Last Ape Standing

Last Ape Standing

The Seven-million Year Story of How and Why We Survived

eBook - 2013
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Over the past 150 years scientists have discovered evidence that at least twenty-seven species of humans evolved on planet Earth. These weren't simply variations on apes, but upright-walking humans who lived side by side, competing, cooperating, sometimes even mating with our direct ancestors. Why did the line of ancient humans who eventually evolved into us survive when the others were shown the evolutionary door? Chip Walter draws on new scientific discoveries to tell the fascinating tale of how our survival was linked to our ancestors being born more prematurely than others, having uniquely long and rich childhoods, evolving a new kind of mind that made us resourceful and emotionally complex; how our highly social nature increased our odds of survival; and why we became self aware in ways that no other animal seems to be. Last Ape Standing also profiles the mysterious "others" who evolved with us-the Neanderthals of Europe, the "Hobbits" of Indonesia, the Denisovans of Siberia and the just-discovered Red Deer Cave people of China who died off a mere eleven thousand years ago. Last Ape Standing is evocative science writing at its best-a witty, engaging and accessible story that explores the evolutionary events that molded us into the remarkably unique creatures we are; an investigation of why we do, feel, and think the things we do as a species, and as people-good and bad, ingenious and cunning, heroic and conflicted.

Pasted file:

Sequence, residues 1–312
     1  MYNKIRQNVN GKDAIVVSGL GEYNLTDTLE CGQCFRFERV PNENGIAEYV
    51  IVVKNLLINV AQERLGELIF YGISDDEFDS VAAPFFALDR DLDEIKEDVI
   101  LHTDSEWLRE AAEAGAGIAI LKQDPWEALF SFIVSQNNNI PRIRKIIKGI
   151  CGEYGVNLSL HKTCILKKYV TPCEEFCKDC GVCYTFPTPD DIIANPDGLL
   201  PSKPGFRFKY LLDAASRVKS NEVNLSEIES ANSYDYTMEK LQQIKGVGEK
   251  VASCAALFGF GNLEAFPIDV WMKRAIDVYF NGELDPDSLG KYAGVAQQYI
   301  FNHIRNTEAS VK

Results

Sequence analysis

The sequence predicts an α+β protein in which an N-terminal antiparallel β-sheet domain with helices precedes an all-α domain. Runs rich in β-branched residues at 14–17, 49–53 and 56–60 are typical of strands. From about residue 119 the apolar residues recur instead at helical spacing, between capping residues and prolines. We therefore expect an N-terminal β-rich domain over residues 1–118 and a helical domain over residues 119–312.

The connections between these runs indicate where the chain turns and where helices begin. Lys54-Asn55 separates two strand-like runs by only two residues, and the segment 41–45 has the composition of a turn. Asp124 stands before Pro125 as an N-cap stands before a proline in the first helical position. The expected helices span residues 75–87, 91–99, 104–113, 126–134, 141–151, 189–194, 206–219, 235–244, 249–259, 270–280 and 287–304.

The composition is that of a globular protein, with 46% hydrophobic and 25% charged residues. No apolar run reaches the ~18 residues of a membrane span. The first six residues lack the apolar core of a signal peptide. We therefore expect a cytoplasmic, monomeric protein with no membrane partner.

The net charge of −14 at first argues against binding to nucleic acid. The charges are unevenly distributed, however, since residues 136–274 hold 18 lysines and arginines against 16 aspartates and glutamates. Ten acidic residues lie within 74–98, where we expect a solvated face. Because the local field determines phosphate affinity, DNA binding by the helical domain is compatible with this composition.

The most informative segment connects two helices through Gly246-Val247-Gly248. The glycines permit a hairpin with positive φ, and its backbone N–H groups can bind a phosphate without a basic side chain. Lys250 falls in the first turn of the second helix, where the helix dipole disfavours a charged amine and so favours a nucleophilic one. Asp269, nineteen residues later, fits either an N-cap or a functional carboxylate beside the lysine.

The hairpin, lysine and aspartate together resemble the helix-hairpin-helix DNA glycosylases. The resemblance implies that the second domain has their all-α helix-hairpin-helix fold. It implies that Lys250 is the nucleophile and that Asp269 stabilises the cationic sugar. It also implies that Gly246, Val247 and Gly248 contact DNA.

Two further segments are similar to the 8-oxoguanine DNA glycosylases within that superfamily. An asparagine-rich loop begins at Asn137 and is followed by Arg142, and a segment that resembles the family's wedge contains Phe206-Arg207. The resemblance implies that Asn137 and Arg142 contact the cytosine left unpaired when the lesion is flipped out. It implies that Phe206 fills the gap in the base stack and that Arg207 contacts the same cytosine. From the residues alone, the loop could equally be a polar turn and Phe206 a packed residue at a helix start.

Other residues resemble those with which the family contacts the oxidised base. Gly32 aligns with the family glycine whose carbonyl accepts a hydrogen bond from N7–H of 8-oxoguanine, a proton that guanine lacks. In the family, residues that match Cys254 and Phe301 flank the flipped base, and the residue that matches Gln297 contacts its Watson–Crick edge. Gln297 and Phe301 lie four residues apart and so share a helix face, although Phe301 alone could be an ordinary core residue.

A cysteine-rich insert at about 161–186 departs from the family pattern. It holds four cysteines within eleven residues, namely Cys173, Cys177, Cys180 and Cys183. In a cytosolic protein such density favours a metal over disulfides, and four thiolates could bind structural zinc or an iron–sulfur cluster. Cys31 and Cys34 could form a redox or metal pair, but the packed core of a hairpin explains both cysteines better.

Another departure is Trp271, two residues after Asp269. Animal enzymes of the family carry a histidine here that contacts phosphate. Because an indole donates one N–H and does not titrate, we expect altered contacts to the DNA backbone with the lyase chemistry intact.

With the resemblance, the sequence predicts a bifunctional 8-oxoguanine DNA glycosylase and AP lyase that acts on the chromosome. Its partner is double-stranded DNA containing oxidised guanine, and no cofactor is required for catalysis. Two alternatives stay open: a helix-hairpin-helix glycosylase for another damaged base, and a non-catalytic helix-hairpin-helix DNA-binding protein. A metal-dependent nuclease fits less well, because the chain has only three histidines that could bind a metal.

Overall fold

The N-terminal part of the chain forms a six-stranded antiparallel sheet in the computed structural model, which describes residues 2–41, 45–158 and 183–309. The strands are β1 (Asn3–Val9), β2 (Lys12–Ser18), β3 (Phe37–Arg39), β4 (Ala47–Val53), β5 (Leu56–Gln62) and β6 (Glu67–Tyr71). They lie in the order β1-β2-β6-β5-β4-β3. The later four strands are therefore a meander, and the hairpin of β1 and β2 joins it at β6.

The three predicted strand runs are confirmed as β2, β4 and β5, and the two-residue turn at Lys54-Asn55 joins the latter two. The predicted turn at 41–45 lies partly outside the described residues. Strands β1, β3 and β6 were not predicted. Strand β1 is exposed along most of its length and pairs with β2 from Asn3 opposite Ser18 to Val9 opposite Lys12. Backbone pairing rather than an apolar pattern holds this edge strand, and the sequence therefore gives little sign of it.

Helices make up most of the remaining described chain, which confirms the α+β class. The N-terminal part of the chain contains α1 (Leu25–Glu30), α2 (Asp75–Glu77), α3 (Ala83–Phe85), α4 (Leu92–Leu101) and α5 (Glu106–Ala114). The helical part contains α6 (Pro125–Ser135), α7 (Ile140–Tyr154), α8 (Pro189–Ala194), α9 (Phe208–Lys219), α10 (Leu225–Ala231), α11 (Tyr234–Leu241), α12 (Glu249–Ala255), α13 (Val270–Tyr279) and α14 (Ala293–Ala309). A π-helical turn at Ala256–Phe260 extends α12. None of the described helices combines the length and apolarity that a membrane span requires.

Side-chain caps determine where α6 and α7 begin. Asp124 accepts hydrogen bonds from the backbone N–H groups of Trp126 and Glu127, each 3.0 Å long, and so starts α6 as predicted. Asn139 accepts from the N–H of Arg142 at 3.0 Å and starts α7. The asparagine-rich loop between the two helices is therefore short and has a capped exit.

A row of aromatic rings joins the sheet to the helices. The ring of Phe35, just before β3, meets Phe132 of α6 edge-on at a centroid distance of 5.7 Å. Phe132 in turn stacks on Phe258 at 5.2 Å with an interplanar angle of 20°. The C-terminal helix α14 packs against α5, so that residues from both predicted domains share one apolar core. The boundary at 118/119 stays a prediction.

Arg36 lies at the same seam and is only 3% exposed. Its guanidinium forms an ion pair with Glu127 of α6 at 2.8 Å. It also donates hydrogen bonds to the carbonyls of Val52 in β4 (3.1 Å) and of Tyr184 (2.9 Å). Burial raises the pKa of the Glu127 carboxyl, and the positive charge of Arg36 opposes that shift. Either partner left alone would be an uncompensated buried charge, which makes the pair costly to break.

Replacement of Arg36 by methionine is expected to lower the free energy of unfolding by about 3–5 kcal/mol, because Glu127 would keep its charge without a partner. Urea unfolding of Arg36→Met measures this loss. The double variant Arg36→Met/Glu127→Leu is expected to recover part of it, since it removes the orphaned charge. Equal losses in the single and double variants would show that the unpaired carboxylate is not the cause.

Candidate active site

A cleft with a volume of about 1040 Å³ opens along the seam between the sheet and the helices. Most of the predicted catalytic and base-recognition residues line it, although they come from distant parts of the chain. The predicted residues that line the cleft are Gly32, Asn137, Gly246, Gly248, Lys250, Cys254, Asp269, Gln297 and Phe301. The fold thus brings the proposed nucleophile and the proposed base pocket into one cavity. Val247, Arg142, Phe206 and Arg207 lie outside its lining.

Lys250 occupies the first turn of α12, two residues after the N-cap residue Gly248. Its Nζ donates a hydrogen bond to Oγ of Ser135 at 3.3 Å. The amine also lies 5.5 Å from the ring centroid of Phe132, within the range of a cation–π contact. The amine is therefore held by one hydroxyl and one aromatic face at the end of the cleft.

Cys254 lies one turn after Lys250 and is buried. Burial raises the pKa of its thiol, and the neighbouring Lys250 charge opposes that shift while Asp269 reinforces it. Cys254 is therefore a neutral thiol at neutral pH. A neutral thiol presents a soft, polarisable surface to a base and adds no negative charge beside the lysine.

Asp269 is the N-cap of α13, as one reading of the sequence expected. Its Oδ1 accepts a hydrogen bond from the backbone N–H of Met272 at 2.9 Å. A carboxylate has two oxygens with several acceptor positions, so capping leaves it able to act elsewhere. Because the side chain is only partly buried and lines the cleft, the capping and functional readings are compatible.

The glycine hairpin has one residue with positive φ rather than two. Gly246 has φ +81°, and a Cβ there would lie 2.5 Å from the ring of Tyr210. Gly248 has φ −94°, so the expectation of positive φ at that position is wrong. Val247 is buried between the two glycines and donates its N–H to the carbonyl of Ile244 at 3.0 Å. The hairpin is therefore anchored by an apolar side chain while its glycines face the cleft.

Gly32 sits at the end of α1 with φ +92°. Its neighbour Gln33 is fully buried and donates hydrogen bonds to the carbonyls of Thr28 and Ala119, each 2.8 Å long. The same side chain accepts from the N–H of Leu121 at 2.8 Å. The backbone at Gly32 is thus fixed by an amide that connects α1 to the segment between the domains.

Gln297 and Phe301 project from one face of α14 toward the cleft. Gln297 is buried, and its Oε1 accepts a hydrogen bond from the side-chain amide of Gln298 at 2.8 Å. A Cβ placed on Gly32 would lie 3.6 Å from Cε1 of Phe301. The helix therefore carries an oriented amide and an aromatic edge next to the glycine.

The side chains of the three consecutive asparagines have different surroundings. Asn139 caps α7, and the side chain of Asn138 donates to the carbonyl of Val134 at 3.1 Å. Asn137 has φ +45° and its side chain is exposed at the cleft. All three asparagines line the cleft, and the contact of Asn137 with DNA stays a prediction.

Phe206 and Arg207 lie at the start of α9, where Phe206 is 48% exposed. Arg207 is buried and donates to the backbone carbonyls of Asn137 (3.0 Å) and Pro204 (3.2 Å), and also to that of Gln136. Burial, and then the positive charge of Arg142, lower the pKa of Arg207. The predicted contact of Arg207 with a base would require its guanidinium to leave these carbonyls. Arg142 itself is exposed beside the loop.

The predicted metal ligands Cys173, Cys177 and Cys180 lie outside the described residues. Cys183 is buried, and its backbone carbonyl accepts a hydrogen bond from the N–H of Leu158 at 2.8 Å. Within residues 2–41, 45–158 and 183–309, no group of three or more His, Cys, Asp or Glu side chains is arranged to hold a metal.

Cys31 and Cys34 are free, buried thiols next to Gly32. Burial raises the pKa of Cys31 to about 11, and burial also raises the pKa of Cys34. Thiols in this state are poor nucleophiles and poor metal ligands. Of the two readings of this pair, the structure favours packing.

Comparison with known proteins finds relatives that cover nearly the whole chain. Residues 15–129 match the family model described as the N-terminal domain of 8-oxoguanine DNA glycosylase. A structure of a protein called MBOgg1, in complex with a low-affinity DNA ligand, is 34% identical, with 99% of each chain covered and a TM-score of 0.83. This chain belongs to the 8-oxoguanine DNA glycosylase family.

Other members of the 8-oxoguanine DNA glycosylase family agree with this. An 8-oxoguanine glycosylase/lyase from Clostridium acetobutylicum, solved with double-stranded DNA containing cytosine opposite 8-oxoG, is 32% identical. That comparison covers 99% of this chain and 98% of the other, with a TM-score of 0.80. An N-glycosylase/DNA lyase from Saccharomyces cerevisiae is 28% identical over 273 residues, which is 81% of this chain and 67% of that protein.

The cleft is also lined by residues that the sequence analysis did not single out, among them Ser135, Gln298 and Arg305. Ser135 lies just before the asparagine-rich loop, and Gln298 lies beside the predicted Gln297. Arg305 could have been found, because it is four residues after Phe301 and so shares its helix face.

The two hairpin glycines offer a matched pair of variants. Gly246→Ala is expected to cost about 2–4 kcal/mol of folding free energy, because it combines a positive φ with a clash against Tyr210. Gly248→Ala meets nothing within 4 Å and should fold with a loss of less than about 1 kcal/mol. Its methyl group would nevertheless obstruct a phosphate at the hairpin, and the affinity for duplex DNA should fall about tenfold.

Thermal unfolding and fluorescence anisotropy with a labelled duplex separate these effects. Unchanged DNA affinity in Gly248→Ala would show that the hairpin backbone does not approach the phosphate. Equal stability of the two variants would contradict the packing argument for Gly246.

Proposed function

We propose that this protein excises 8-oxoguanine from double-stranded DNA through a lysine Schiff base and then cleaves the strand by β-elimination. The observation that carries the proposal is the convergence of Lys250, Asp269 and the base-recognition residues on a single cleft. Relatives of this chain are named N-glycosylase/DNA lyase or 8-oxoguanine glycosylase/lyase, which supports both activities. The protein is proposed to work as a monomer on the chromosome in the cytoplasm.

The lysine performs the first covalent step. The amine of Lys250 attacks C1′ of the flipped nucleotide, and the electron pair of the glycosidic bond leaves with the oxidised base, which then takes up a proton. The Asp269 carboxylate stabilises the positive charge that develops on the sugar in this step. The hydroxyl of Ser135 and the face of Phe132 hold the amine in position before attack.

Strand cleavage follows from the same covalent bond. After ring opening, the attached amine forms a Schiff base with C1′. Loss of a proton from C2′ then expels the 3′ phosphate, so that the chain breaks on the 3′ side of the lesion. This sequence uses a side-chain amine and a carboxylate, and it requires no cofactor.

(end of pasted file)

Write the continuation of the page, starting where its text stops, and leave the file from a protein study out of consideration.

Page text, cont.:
Publisher: New York : Walker & Company, c2013.
ISBN: 9780802778918
Branch Call Number: eBook
Characteristics: 1 online resource
Additional Contributors: OverDrive, Inc

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ddbereadin
Dec 30, 2017

Probably a good book to start reading about the topic of human evolution, and it is definitely an easy read. As I moved through it, I got more and more of the feeling that the author was cherry-picking true scholars in the field and doing selective simplification of their work. I found myself wondering about other scholarly opinions on topics that the author acknowledged as in contention and not agreed upon. The last part of the book seemed to be mostly wild conjecture by the author along the lines of his "what if this was true" perspective and lacked significant credible research references.
In summary, I would say the author is a writer in the field and pretty far from a knowledgeable scholar. Lots of entertainment if you like his story. This book has motivated me to look for authors who better understand the detailed research in the field and the subtleties of differing theories and opinions.
Currently reading Nicholas Wade's, "Before The Dawn". Much more meat, a much more credible writing style, and still very readable and interesting to the casual reader interested in history in general (i.e. me).

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ladyofthepast
Jul 31, 2014

We found this book gave some real insights into how we became who we are. While some is speculation based on what is actually known, the author does not 'dumb it down', but does try to avoid getting into deep scientific terminology when possible. It gives anyone with an open mind some really good understanding of why we behave as we do and where we might go from here. He points out that, if you scale 7+ million years of evolution to a year, we modern humans only show up in the last few days and our recorded history represents only the last few minutes of that year. It is well written, an interesting and easy read, and gives one lots of food for thought.

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